Nevertheless, some mistakes can cause disastrous and long-term financial effects compared to others, although they may seem harmless on the surface.

Go over these five financial missteps that can adversely undermine your financial life. Knowing how not to commit the same mistakes will greatly enhance your potential for building your personal wealth.

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How and When to be Average Joe or Average Jane

Most people fall in the so-called “average” or “median” range. After all things are counted and considered, the statistical middle-ground is where all things tend to gravitate – the world of the, sorry for the term: mediocre.

To be honest, no one wants to be mediocre, run-of-the-mill or commonplace. People in the city park may take selfies that are quite ordinary compared to people who challenge the heights of the Nepalese mountains or the Alaskan wilderness. People do not just want a few likes but viral likes, so it seems. We want to be among those who make an impression for being extraordinary. And that takes a lot of effort to achieve and sustain.

But as investors, the average can provide a lot of benefits.

The idea of being average is the very foundation of the biggest changes to investing in recent years – the surge of the passive index fund.

In the past, you (or a broker) selected a portfolio of stocks that has the potential to bring you wealth. The more adventurous investors opted for a chance to benchmark themselves (while the newspapers aimed for a chance to "score" the stock market). That gave birth to the index.

One possible choice is the ASX 200, which tracks the overall market performance, giving investors a view on how the total market value shifts in a day, a week, a month or a year. It is expected to rise by about 10% yearly, within a long-term period.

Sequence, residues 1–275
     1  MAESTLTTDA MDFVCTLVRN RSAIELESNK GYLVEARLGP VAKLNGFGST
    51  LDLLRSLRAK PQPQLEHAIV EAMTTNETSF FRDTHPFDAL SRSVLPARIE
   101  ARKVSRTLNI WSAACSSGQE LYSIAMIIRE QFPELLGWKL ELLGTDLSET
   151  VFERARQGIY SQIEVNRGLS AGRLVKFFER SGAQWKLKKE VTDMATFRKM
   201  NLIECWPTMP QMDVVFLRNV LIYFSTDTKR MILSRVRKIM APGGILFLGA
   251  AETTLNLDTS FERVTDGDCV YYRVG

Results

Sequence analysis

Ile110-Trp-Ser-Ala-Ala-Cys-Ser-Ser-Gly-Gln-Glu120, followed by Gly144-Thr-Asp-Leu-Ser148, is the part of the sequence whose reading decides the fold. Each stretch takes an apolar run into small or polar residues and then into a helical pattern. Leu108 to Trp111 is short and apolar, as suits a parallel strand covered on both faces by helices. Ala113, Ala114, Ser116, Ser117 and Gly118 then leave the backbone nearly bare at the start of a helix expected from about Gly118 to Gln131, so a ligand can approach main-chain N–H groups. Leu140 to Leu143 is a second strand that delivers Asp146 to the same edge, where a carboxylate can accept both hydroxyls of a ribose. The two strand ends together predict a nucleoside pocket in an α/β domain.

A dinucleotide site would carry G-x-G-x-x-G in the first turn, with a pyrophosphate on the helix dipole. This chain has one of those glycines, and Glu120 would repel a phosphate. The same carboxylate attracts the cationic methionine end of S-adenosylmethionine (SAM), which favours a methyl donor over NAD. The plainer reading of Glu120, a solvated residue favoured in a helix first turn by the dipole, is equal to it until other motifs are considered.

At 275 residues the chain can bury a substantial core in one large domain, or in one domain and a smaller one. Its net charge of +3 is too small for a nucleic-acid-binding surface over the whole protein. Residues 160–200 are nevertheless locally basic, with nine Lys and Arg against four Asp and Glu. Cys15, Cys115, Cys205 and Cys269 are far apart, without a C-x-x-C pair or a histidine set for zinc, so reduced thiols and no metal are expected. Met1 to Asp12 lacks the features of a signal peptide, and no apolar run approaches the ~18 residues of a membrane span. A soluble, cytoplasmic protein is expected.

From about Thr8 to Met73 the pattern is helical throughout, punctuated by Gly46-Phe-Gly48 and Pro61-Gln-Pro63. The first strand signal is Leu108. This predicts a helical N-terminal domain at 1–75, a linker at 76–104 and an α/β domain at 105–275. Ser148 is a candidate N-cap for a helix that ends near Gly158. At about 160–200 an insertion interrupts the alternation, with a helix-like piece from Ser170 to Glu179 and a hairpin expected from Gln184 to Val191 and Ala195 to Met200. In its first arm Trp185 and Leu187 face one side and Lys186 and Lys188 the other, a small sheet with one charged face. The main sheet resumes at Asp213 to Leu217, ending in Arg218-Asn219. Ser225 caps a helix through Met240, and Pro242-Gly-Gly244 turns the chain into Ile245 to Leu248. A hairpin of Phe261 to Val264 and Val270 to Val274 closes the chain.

And, obviously, we are talking of averages -- the average firm and the average year. Choosing to buy an index-tracking fund, as investors usually do as a rule, is quite alright. You can expect to gain average return (minus some fees) over a long duration, enough to produce a sizeable profit in the end.

However, do not expect to get 10% yearly. Moreover, not all firms will gain a value growth by such an amount. Some can go broke. Others come up with the latest “hot product”. Some may exploit the advantages of their product and market, to offer years of market-crunching returns (for instance, Domino's share price). And there are also those that remain stagnant for ten years (check out Westfield).

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Effective growth investing lessons from master investors

How do you achieve sustainable growth in investing? One needs to choose those leading companies that are prepared to provide strong, consistent and long-term increases in profits and revenue. These are the firms that reward their shareholders with above-average market returns.

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Making Thousands through IRA Investing Tips

For beginners as well as veterans in IRA investing, here are a few important things to consider. Newbie investors obviously need education in fundamental matters while long-time investors can always benefit from new ways to enhance their investment strategy.

So, how do you maximize returns from your IRA?

Choose what fits your goals: Traditional or. Roth

Should you go for traditional or for Roth IRA? While your traditional IRA contributions can be classified as tax-deductible, Roths use after-tax money; however, they provide tax-free withdrawals when you reach retirement age. To know more about either type of IRA, visit informative investment websites. Here are a few valuable tips on which to choose:

When you should choose a traditional IRA:
• If you are within a higher tax bracket now, in contrast to your expected level when you reach retirement
• If a tax break now is more preferable to you than tax savings when you retire
• If you have no retirement plan sponsored by your employer because your income is too large to qualify you to directly contribute to a Roth IRA
When you should choose a Roth IRA:
• If you want to stay in your present tax rate
• If you want to diversify your retirement assets, aside from your pre-tax account such as a 401(k)
• If you expect to use the money when you retire and would choose rather to keep it in that account to allow it to grow as long as you want (A Roth IRA will not demand a minimum distribution from a specific age.)
• If you want all your money safely parked somewhere (You can withdraw your original contribution amounts in a Roth IRA at any time.)